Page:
Russian woman, 71, wins aliyah battle

The latest Jewish News

Read this week’s digital edition

Click Here

Russian woman, 71, wins aliyah battle

Anna Bocharnikova becomes just the seventh person from the Russian Subbotnik community to be accepted for aliyah in the past five years

Jenni Frazer is a freelance journalist

Anna Bocharnikova, right, with Israeli Tova Filchagova
Anna Bocharnikova, right, with Israeli Tova Filchagova

A 71-year-old woman from a Russian village has succeeded in obtaining Israeli citizenship  after a three-year battle.

Former community leader Anna Bocharnikova, of Vysoki, belongs to the Subbotnik Jewish community of southern Russia, whose more than 600 remaining members are descendants of Russian peasants who converted to Judaism two centuries ago.

A  separate group of Russian Christians who chose to observe Shabbat is also known as Subbotniks, which has led to considerable confusion.

Bocharnikova is the first Subbotnik Jew to be allowed to make aliyah since 2016 and just the seventh to have done so in the past five years.

Before 2005, hundreds of Subbotnik Jews from Vysoki moved to Israel. All of them were recognised as Jews and integrated into Israeli society.

Fourteen years ago, however, Israeli officials halted the Subbotnik aliyah, casting doubt on their Jewishness.

Bocharnikova was helped by organisation Shavei Israel. Its founder and chairman, Michael Freund, said: “The treatment meted out to Subbotnik Jews by Israeli bureaucracy is simply inexcusable.”


Support your Jewish community. Support your Jewish News

Thank you for helping to make Jewish News the leading source of news and opinion for the UK Jewish community. Today we're asking for your invaluable help to continue putting our community first in everything we do.

Unlike other Jewish media, we do not charge for content. That won’t change. Because we are free, we rely on advertising to cover our costs. This vital lifeline, which has dropped in recent years, has fallen further due to coronavirus.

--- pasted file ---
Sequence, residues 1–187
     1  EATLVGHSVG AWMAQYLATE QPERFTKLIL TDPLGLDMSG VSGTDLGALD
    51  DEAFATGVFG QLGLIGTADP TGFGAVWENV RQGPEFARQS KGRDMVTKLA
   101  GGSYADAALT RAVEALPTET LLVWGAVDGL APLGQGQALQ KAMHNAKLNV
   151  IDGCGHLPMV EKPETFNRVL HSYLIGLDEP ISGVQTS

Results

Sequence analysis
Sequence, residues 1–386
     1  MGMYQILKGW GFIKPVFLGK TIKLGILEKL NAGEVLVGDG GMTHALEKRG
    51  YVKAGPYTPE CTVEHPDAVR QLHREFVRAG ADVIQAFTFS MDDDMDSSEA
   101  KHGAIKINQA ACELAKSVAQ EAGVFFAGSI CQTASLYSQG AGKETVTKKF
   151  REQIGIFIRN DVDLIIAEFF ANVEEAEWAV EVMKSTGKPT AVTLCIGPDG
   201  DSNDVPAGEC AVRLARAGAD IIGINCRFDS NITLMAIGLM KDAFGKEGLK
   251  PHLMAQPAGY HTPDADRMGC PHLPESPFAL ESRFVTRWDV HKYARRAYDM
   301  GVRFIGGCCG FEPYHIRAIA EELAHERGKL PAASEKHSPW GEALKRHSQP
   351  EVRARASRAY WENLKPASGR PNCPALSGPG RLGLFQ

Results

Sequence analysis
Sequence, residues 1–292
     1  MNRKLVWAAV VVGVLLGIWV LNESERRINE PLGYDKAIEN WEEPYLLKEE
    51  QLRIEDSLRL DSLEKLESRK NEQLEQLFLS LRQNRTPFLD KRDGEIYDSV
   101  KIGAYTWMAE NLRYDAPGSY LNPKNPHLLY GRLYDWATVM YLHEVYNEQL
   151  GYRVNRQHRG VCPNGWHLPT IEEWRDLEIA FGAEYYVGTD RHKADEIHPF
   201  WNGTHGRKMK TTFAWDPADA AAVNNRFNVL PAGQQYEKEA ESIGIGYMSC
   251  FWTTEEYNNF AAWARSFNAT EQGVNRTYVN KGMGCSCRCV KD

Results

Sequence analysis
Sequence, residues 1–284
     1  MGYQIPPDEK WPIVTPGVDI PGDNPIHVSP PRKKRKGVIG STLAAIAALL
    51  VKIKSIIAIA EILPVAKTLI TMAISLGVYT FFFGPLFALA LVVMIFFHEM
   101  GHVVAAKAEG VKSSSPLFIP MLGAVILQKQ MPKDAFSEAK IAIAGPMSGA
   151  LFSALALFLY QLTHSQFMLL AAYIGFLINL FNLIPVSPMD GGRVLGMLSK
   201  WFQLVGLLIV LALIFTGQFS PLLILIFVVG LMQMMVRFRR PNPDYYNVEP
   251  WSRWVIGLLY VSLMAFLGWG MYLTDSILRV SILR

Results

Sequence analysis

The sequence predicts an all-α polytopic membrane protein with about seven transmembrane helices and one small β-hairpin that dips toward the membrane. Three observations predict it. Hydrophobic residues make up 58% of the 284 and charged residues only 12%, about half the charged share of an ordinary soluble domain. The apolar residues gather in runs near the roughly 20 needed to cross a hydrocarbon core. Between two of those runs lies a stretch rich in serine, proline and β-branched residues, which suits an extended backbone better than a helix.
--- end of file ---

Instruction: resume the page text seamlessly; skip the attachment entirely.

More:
For as little as £5 a month you can help sustain the vital work we do in celebrating and standing up for Jewish life in Britain.

Jewish News holds our community together and keeps us connected. Like a synagogue, it’s where people turn to feel part of something bigger. It also proudly shows the rest of Britain the vibrancy and rich culture of modern Jewish life.

You can make a quick and easy one-off or monthly contribution of £5, £10, £20 or any other sum you’re comfortable with.

100% of your donation will help us continue celebrating our community, in all its dynamic diversity...


Being a community platform means so much more than producing a newspaper and website. One of our proudest roles is media partnering with our invaluable charities to amplify the outstanding work they do to help us all.


There’s no shortage of oys in the world but Jewish News takes every opportunity to celebrate the joys too, through projects like Night of Heroes, 40 Under 40 and other compelling countdowns that make the community kvell with pride.


In the first collaboration between media outlets from different faiths, Jewish News worked with British Muslim TV and Church Times to produce a list of young activists leading the way on interfaith understanding.


Royal Mail issued a stamp honouring Holocaust hero Sir Nicholas Winton after a Jewish News campaign attracted more than 100,000 backers. Jewish News also produces special editions of the paper highlighting pressing issues including mental health and Holocaust remembrance.

Easy access

In an age when news is readily accessible, Jewish News provides high-quality content free online and offline, removing any financial barriers to connecting people.

Voice of our community to wider society

The Jewish News team regularly appears on TV, radio and on the pages of the national press to comment on stories about the Jewish community. Easy access to the paper on the streets of London also means Jewish News provides an invaluable window into the community for the country at large.

We hope you agree all this is worth preserving.

read more: